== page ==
stocks were separated, as they are today. Thus, a transport of tree pollen to the Arctic through-
By D. Fisher, A. Dyke, r. koerner, J. Bourgeois, year-round sea ice barrier must have become out the Holocene [Bourgeois et al., 2000]. If
C. kinnArD, C. ZDAnowiCZ, A. De VernAl, established at that time in the central part of the the northwest mainland was the source of
C. hillAire-MArCel, J. sAVelle, AnD A. roChon Northwest Passage. tree pollen, then early Holocene winds were
Eos, Vol. 87, No. 28, 11 July 2006
Neogloboquadrina pachyderma left-coiled
(Npl) foraminifera grow along the pycno-
cline, where water density switches from
cold, dilute, surface water to warmer, saline
North Atlantic Water (NAW) in the Arctic
Ocean. The δ18O values in their shells have
negative offsets from isotopic equilibrium
values ranging from -1‰ (Arctic Seas) to
-3‰ (Canada Basin), although temperature
gradients still result in predictable isotopic
shifts [Hillaire-Marcel et al., 2004]. The offset
could be linked to rate of sea ice formation
[Bauch et al., 1997]. Freezing isotopically
light seawater produces ice and isotopically
light brines that sink to the pycnocline. Mix-
ing of these brines into NAW and export of
surface water and sea ice to the North Atlan-
tic maintain steady state conditions, thus
resulting in an asymptotic isotopic offset
value near -2.5 to 3‰ in Npl. From this view,
the greater modern offsets in the western
than in the eastern Arctic Ocean would
reflect the differences in sea ice formation
rates along the shelves.
These offsets were maintained in the Chuk-
chi Sea during most of the Holocene (Figure
2b), with possibly larger offsets early on, which
can be inferred as continuous sea ice forma-
tion and the greatest brine production in the
early Holocene. The record illustrates some
decoupling between surface-water conditions,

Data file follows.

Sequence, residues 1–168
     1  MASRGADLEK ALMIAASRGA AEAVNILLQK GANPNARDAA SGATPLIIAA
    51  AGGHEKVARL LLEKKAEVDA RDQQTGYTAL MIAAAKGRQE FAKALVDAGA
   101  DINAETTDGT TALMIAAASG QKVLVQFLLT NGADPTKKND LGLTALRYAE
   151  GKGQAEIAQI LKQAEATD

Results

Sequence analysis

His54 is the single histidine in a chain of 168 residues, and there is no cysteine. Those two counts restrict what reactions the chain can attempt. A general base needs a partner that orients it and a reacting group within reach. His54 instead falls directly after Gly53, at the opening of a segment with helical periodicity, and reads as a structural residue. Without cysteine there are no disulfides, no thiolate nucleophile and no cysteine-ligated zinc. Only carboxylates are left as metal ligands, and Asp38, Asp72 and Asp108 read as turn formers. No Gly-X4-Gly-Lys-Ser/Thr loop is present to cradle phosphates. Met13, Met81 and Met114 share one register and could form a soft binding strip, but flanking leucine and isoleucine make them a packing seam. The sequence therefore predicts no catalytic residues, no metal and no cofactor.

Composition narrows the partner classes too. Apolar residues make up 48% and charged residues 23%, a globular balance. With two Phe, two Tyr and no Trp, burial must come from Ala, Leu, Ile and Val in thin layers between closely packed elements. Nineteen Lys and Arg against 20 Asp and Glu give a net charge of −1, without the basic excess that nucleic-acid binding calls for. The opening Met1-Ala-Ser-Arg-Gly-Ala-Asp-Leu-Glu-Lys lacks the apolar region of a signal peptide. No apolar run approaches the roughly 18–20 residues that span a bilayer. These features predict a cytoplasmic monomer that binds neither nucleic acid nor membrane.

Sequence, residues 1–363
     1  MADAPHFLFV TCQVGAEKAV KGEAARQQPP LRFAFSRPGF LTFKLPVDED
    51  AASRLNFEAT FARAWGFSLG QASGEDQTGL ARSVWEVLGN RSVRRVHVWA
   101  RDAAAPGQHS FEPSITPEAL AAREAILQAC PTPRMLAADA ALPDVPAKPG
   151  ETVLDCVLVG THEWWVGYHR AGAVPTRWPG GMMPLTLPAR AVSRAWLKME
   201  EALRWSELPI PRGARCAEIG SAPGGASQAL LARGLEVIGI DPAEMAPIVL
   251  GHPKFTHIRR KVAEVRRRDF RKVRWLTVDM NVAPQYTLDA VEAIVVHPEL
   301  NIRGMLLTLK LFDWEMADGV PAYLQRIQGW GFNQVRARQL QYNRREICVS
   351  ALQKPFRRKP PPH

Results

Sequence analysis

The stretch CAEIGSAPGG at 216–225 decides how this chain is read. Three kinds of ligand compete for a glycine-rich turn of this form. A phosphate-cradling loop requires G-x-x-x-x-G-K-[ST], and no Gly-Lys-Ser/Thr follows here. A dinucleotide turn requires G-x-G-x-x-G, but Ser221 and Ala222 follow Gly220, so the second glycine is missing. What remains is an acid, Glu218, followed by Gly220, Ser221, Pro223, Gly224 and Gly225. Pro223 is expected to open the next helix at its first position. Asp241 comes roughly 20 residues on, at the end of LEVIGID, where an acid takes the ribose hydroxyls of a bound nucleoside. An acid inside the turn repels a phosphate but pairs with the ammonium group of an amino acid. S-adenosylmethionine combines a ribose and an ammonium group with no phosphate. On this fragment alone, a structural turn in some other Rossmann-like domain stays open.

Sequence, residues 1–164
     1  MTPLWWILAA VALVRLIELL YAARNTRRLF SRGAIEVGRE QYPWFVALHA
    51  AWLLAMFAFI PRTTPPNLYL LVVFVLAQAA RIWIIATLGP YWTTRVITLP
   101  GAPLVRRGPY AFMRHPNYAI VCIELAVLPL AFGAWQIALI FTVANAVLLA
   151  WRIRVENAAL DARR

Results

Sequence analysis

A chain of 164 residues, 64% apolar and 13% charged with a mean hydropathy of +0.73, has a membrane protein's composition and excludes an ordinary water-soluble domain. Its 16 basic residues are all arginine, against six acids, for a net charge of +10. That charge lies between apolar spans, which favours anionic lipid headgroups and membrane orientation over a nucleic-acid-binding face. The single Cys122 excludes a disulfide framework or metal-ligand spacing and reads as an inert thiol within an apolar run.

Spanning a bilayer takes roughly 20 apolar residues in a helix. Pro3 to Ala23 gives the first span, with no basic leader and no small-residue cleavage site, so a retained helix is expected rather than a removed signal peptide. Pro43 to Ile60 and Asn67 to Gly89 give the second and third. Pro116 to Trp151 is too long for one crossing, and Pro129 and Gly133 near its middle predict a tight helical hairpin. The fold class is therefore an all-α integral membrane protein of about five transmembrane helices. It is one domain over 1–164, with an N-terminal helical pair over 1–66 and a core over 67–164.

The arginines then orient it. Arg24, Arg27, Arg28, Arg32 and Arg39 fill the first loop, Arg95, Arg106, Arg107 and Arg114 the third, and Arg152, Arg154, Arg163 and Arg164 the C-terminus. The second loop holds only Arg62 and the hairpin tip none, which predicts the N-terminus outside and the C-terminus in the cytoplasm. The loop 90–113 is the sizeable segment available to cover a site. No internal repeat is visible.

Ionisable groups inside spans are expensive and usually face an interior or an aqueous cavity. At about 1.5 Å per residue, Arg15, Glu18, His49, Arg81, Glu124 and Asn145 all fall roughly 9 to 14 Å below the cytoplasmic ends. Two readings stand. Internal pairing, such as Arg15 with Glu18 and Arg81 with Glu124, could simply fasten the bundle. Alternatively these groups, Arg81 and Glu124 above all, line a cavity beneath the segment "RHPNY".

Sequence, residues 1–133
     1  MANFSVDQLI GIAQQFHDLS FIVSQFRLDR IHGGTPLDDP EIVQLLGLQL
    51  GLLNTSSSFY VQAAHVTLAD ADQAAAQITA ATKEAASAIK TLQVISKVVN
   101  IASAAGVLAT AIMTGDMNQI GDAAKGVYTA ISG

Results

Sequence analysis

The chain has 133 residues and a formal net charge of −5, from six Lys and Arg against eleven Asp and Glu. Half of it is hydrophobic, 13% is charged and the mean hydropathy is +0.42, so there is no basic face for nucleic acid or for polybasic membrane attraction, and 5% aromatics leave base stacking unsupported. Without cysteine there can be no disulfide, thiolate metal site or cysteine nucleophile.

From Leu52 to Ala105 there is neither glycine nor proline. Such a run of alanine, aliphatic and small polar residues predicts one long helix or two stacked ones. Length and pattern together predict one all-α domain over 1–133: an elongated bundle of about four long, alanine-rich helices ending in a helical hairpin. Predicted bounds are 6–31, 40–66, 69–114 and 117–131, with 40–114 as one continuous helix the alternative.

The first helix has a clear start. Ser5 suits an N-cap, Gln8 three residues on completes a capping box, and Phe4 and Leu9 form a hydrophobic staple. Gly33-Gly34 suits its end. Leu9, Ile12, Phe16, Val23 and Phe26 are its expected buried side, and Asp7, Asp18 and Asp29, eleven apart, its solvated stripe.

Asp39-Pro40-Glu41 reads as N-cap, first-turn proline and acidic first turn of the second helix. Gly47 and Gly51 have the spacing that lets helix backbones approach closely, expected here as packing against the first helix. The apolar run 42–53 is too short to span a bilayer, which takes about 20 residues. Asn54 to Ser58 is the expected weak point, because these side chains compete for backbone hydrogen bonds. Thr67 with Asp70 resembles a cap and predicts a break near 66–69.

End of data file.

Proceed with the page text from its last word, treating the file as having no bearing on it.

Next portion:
as reconstructed from dinoflagellate cyst
assemblages, and conditions prevailing in the
NAW, as indicated by the size-dependent 18O-
gradients in Npl (Figure 2b). The 9000–8000
year interval depicts a large offset between
small and large specimens, suggesting much
warmer conditions in the NAW than in the sur-
face water [see Hillaire-Marcel et al., 2004].
However, between 7000 and 6000 years B.P .,
these size-dependent gradients nearly van-
ished, suggesting a weakening of the pycno-
cline. This likely resulted from a higher surface
salinity and less sea ice, as also indicated by
the dinoflagellate cysts.
Implications for Future Warming
The history of sea ice shows strong region-
alism. Marine animals that depend on sea ice
survived the early Holocene by adapting and
migrating. At the height of the warmth, which
Fig. 1. (a) September ice trends and average minimum (September, red line) and maximum
(March, green line) ice extents, 1979–2003 [Cavalieri et al., 2004]. (b) Distribution of bowhead was but three degrees warmer than now, the
whale bones dated 9.5 ± 0.25 and 9.0 ± 0.25 14C kiloyears B. P White areas are ice sheets.
. Pacific and Atlantic bowhead whales could
visit each other through the Northwest Pas-